Tennessee education officials took in early returns on the state's lottery scholarship program and began looking at ways it could be massaged in future years.
Roughly 36,000 students have been given HOPE scholarships so far, awards worth $3,000 a year at four-year schools and $1,500 at community colleges. Roughly 10,000 Wilder-Naifeh grants have been given out at technology centers, the Task Force on Tennessee Education Lottery Scholarships was told Thursday. Those grants award $1,250 a year to students.
The awards for this fall semester amount to about $110 million worth of scholarships. That's a little below projections for this year, but officials said more could be handed out in the spring semester.
"Given it's a new program, I'd like to urge caution," said Brian Noland of the Tennessee Higher Education Commission. "There are programs that tend to start small and get big."
Financial aid officers said they have already noticed that students are taking out fewer loans to pay for their schooling. Public schools themselves receive no extra money from the cash infusion, but it gives students a break from shouldering the burden themselves or finding other sources of financial aid.
The largest block of HOPE scholarships were awarded at Board of Regents universities, which received 36.5 percent of the awards for their students. The University of Tennessee system doled out 26.9 percent of the awards, followed by TBR community colleges at 19.2 percent and private colleges at 17.7 percent.
Already, the task force identified a few areas where the program falls short, including little help for nontraditional students, technology certificate programs at community colleges not eligible for the Wilder-Naifeh grants and the belief that large numbers of freshman will lose the scholarships heading into their sophomore year due to academic requirements.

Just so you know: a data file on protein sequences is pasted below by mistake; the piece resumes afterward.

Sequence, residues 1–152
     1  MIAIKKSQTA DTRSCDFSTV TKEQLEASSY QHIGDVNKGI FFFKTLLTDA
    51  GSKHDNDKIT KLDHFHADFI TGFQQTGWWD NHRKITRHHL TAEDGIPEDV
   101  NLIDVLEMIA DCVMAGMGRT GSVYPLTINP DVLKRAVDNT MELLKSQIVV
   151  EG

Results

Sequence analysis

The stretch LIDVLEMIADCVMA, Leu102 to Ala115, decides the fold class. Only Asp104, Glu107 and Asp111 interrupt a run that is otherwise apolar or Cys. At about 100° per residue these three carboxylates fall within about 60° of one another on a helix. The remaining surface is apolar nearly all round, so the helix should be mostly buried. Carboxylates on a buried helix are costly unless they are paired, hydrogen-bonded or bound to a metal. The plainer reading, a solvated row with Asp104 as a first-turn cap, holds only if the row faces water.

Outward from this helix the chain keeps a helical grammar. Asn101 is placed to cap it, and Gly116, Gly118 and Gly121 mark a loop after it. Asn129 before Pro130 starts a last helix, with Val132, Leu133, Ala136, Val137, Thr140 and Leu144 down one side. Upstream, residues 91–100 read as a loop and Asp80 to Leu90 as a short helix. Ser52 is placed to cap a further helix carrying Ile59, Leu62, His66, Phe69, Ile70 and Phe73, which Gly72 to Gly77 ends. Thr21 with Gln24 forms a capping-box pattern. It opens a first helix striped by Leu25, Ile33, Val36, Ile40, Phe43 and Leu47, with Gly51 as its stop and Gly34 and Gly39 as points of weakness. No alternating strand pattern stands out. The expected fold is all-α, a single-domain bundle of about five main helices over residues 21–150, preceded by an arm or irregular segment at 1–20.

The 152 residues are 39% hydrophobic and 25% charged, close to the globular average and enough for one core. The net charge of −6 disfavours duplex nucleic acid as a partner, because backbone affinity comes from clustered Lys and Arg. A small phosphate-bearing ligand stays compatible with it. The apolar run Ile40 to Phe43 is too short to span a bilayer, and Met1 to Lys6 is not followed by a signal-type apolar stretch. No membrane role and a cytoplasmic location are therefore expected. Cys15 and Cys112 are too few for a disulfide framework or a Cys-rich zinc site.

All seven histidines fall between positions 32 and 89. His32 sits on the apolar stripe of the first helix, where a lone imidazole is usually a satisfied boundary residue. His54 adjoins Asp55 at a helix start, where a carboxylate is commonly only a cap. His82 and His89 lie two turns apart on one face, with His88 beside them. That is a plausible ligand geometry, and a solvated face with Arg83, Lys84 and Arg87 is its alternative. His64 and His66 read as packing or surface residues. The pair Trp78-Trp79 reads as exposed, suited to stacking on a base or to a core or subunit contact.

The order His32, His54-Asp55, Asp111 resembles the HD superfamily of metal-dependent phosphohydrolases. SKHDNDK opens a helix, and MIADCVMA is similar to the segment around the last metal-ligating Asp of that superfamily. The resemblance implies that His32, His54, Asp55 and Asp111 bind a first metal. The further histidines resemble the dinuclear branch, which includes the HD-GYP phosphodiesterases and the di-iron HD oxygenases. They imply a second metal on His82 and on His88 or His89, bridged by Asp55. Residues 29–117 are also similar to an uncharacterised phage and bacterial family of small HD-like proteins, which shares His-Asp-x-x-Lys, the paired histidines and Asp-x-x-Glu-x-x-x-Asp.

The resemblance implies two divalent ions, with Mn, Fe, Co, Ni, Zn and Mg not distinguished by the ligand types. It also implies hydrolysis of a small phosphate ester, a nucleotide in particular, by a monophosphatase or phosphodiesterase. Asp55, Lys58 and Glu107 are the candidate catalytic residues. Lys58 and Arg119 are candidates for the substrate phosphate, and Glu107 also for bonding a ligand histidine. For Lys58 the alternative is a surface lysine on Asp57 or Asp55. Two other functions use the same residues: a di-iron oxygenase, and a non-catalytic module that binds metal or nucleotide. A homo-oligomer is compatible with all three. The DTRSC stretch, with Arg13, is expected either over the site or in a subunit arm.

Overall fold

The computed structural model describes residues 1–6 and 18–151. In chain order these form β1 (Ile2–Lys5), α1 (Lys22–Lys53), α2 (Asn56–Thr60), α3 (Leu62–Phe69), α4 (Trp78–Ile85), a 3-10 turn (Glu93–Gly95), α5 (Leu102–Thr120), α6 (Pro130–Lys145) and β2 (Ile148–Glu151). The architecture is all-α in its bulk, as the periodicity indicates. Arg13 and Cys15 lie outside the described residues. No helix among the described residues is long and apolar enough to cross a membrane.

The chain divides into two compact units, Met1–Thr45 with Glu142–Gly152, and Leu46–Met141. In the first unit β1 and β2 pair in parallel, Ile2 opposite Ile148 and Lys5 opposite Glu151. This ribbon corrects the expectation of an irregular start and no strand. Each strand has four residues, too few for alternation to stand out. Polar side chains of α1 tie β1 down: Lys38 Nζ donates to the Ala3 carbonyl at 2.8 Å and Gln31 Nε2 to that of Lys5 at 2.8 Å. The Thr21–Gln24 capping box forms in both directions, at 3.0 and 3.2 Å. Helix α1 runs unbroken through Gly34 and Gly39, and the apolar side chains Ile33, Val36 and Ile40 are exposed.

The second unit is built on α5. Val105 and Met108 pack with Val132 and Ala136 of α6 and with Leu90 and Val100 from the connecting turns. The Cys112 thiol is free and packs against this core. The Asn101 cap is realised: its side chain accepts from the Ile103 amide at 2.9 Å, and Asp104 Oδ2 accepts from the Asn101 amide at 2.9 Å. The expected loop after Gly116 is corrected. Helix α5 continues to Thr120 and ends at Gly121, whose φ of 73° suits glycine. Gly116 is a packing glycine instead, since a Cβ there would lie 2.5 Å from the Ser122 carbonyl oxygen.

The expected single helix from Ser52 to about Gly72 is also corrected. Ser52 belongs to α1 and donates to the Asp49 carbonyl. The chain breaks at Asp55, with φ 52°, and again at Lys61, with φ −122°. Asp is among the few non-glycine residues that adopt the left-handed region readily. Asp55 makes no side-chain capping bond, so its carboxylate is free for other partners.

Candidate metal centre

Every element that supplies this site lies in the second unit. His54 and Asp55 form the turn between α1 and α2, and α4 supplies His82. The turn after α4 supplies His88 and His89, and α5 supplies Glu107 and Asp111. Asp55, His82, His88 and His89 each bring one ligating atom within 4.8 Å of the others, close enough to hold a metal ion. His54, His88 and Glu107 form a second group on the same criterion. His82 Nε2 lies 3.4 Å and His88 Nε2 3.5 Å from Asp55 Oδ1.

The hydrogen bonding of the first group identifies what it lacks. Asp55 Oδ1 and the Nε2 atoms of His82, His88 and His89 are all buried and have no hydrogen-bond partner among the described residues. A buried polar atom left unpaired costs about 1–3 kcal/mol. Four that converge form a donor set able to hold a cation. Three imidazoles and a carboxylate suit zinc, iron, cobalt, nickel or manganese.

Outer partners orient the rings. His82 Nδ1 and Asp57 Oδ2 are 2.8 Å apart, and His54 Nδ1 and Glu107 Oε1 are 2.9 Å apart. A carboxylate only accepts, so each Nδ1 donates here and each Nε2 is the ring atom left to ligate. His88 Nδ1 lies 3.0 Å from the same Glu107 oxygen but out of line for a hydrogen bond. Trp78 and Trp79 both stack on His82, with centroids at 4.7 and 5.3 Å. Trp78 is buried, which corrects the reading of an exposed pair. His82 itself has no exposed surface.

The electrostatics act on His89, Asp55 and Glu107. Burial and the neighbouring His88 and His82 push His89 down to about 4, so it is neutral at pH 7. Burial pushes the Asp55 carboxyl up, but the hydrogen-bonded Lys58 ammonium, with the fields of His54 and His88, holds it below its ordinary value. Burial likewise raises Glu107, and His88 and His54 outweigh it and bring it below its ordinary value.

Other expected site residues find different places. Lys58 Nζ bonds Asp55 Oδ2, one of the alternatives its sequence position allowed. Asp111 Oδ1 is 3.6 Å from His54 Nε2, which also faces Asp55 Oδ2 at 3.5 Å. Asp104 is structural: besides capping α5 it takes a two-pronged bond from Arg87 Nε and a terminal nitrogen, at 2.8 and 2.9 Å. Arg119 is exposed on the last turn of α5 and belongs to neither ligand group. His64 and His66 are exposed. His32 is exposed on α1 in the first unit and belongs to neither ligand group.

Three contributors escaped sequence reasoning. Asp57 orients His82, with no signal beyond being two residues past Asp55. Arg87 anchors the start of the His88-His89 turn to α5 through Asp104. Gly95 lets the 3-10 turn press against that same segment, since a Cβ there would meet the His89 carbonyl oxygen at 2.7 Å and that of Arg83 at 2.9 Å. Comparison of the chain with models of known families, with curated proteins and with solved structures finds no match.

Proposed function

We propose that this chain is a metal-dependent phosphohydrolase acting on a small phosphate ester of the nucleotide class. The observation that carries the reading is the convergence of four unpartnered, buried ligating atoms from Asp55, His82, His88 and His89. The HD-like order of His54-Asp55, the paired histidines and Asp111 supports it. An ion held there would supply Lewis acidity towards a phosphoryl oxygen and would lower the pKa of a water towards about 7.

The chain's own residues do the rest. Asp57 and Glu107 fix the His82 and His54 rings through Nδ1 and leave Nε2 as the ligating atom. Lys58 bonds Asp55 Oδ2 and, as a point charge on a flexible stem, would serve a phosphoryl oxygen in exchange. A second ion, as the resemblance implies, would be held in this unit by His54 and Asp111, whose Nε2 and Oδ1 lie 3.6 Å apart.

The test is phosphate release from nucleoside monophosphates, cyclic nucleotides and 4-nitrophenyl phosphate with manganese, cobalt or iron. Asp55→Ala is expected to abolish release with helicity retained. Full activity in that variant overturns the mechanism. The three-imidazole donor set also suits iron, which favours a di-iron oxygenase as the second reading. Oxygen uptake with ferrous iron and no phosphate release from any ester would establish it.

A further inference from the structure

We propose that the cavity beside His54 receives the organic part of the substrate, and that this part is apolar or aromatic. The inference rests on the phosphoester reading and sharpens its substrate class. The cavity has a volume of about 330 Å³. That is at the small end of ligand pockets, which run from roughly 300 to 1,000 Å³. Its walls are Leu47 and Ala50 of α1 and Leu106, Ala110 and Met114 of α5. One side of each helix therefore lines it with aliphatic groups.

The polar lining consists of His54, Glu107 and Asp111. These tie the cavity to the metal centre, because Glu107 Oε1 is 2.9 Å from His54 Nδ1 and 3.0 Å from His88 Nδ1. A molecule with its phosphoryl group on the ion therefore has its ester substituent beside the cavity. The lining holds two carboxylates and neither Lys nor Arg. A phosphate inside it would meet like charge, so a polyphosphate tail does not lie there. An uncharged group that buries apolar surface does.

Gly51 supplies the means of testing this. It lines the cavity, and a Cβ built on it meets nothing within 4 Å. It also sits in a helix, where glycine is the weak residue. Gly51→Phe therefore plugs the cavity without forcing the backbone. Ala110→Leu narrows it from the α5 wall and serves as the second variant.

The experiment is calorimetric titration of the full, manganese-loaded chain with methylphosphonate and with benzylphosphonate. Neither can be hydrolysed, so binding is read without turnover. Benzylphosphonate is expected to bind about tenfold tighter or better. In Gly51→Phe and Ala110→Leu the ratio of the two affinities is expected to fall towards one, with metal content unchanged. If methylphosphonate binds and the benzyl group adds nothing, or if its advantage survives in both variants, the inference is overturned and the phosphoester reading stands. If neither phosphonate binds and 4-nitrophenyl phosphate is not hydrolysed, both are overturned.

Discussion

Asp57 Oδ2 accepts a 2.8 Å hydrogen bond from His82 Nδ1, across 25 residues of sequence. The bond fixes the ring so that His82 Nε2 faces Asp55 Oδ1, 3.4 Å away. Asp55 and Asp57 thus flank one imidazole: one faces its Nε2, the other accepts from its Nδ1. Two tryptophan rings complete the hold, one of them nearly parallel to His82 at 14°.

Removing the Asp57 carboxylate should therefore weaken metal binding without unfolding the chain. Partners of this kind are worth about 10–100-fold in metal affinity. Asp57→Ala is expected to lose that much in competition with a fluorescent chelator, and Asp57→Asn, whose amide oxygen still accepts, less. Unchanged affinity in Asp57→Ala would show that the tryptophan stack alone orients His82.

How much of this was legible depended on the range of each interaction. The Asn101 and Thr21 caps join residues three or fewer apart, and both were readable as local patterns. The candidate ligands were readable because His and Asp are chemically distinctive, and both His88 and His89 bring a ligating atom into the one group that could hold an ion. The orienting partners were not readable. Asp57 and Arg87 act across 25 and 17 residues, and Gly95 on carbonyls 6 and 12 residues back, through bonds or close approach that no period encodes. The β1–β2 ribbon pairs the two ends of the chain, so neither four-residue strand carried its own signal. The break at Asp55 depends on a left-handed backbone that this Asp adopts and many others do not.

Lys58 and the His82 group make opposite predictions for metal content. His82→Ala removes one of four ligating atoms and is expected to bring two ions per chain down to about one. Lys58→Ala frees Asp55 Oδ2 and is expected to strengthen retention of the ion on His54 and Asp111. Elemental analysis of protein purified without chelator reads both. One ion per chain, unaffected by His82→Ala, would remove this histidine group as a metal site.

Some schools expect that as many as 60 percent of the recipients won't clear the program's GPA and attendance programs and keep receiving the money in their second year. Once the scholarship is lost, a student can't ever regain it.
"We don't want this to be a one and done program," said David Hutton, financial aid director at Middle Tennessee State University.
At his school, roughly 95 percent of incoming freshman have qualified for the HOPE scholarship, which requires a high school GPA of 3.0 or a minimum score on one of two standardized tests.
The TBR said it was rolling out a number of initiatives to make sure students stayed academically eligible for the program, including midsemester meetings with students having trouble making grades, absence reports, letters for parents and more tutors for classes like math and science that tend to trip up freshman students.
"Student advising becomes very, very important in this process," said Paula Myrick Short, vice chancellor for academic affairs at TBR. "The advising takes on a serious note."